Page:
For the past several years, new fitness trends required facility owners to increase overhead with new equipment, new programming and specialized staff – often with little or no ROI. The logic behind this imbalance often was justified as a means to acquire new members in such a competitive market. 

Today’s economic downturn, however, necessitates a different strategy. Service-based businesses must shift focus from “acquisition” (pursuing new members) to “retention and leverage” (increasing revenue through existing members). 

The following are five ideas that require minimal expenditures while generating ROI almost immediately when properly executed:

Pro Shop: All clubs, studios, and spas should dedicate floor space for a pro shop, retail center or kiosk. Existing pro shops should evaluate and set new revenue goals. Key considerations:
  • Carry only best-of-breed or exclusive (non-internet) products;
  • Private-label as much as possible to maintain margins;
  • Build traffic through creative merchandising;
  • Commission staff on pro shop sales;
  • Expand existing lines and introduce new products;
  • Promote pro shop and products throughout the facility;
  • Make products available via club website for out-of-towners.

Frequent Member Rewards Programs: Airlines do it. Starbucks does it. And you should at least consider it, too. With a focus on increasing member activity and building traffic, a “frequency rewards program” can add to a facility’s overall revenue picture. Frequency programs can be initiated at check-in, pro shop, personal training, special classes/programs or all of the above. Even a low-tech punch card system can be implemented with success. Frequency reward points can be redeemed for:
  • Training sessions;
  • Pro shop discounts;
  • Membership monthly add-ons;
  • Co-sponsored venues and events (restaurants, movies, golf, etc.).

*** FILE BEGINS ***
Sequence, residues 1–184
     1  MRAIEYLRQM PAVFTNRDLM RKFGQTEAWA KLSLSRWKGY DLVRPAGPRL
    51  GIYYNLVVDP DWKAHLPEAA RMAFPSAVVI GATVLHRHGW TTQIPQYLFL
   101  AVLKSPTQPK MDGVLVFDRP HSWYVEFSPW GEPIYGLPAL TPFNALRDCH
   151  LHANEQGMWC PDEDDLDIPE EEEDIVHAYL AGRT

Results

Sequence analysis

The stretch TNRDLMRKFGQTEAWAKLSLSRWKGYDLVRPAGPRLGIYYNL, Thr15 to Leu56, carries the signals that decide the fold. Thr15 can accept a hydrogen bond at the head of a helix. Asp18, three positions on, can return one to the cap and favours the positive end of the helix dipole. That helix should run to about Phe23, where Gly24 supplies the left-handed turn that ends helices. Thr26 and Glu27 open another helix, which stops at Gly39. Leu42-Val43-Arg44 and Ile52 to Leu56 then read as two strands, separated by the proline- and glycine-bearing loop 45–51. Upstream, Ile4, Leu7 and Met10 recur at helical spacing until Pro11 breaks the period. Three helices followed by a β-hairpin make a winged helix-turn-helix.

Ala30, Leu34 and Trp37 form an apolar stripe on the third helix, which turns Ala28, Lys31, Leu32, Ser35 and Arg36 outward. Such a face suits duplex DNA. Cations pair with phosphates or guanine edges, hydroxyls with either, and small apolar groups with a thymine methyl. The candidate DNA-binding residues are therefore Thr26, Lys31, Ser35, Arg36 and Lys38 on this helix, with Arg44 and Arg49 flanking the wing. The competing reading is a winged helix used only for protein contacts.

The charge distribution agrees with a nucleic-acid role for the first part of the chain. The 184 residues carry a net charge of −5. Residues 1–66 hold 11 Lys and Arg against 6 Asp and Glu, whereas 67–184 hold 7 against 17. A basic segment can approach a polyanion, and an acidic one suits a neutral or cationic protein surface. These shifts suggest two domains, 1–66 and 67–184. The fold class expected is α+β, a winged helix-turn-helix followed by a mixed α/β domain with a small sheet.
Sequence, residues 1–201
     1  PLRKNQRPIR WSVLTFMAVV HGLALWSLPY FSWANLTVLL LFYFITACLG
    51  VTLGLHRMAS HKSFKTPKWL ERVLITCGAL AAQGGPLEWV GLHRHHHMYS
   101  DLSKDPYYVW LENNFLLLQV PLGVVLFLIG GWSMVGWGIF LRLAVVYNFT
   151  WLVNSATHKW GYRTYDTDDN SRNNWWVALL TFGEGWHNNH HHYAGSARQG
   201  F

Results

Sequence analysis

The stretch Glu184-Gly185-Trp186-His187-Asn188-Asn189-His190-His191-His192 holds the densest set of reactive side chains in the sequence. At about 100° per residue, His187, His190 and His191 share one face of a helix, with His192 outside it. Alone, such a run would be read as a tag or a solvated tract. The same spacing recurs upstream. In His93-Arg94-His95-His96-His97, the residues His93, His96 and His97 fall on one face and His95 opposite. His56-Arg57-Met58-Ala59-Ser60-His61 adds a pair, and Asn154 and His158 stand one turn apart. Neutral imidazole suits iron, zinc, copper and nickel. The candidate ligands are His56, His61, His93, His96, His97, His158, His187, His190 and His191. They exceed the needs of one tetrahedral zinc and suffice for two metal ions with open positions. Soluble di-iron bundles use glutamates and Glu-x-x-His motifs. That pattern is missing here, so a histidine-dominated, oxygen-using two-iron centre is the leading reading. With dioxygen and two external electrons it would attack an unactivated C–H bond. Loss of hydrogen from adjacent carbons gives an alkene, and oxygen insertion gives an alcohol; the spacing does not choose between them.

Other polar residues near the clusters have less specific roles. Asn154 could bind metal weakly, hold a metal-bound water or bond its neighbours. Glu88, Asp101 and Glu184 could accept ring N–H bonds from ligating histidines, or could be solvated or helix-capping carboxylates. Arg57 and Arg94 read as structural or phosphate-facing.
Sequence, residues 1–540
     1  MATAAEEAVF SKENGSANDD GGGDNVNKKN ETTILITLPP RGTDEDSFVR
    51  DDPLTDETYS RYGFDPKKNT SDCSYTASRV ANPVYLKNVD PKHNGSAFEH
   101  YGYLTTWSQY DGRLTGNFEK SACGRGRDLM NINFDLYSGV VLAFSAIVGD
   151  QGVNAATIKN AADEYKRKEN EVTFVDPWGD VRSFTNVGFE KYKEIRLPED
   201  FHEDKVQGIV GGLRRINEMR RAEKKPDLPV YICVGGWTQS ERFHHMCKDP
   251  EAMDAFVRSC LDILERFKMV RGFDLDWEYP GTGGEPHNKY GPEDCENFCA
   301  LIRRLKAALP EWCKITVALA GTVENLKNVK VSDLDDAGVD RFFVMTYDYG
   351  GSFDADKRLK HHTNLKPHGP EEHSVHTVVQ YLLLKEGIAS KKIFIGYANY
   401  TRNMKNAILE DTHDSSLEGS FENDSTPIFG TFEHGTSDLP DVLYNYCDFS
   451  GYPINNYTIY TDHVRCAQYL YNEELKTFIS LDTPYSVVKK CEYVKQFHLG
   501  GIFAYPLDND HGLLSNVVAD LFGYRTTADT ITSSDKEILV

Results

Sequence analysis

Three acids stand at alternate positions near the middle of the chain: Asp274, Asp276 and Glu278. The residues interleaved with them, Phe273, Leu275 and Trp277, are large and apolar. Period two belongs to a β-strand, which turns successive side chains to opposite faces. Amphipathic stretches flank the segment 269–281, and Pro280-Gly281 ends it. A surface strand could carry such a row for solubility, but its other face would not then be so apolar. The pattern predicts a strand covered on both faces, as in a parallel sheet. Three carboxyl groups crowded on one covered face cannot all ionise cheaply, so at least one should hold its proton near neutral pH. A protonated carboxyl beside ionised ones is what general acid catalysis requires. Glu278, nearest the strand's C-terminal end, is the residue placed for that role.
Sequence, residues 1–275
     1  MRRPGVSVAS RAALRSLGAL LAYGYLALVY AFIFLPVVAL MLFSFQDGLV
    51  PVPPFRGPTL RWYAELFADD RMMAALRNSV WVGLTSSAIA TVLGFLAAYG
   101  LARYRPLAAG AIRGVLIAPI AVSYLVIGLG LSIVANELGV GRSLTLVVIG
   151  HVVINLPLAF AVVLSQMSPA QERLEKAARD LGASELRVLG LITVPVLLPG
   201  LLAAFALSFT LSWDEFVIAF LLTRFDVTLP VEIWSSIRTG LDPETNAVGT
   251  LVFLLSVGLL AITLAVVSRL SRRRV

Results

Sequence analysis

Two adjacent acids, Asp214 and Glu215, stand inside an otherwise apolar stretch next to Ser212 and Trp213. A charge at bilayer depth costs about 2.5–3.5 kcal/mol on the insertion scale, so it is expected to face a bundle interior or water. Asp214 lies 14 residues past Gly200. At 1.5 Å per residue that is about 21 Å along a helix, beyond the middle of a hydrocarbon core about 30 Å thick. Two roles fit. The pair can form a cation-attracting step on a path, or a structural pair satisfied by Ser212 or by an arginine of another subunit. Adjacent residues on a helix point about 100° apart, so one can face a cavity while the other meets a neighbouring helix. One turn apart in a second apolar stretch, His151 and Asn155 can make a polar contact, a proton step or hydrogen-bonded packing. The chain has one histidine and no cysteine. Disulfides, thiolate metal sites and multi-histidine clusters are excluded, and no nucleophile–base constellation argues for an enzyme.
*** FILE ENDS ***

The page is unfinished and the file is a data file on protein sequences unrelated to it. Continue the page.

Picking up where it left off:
Speaker’s Bureau: A speaker’s bureau requires virtually no capital, adds value to a membership and draws non-members to your facility. Most local speakers will lend their expertise at no charge provided they are allowed to hand out business cards and collateral. Presentation topics might include: 10 Ways to Cut Household Costs, Eat Better and Be Happy; Finally, the Truth About Weight-Management (staff); New Investment Strategies in Today’s Market; How to Shape-Up and Prepare For A New Job Interview. The best ways to take full advantage of your presentation is to:
  • Invite local media;
  • Video the presentation for your website;
  • Provide pro shop product samples (bars, drinks, etc.);
  • Offer special “right now” membership pricing for non-members.

Co-Promotions/Sponsorships: Hikes, bike rides, grocery store field trips, fitness contests, boot camps, 5k, 10k and mini-marathons are just a few of the activities that can be co-sponsored and co-promoted with non-competitive businesses with minimal shared investment. During any of these events, it will be important to:
  • Display your logo via signage, banners, apparel, print collateral, lead boxes, etc.;
  • Set-up an exhibition table or booth to showcase products and services;
  • Video and photograph the event including members, staff, participants for web, newsletter, bulletin boards and other promotional vehicles;
  • Distribute media releases with photos before and after the event.

Education-based Programs/Weight-Management/Nutrition Education: Creating a classroom environment, allowing participants to arrive in street clothes and teaching a paid curriculum is one of the most lucrative services a facility can provide. Although it takes time to organize and plan it does not require major capitalization. Plus, these education-based curriculum can be moved off-site and become a profitable mobile “classroom” at corporate conference rooms, churches, schools and community centers. Education-based programs held in classroom environment will:
  • Generate new and ongoing revenue both onsite and off-site;
  • Introduce your facility to non-members;
  • Motivate participants through education toward personal training and nutrition services;
  • Attract media attention.

While the fitness industry is known for being “trendy,” it remains incredibly competitive and suffers the same demise felt by all retail businesses during an economic downturn. However, with a shift in focus, a little creativity and a “take action” mandate, your facility will not only survive, but perhaps, even prosper.

Art Rothafel is president of Private Label Fitness (http://www.privatelabelfitness.com). Since 1991, the company has provided knowledge-based nutrition, fitness and menu planning components available for “branded” resale exclusively through health, fitness and medical professionals. For more information please call 714.282.0305 or email art@privatelabelfitness.com.

Follow  

What is your average annual income for your fitness-related work/business?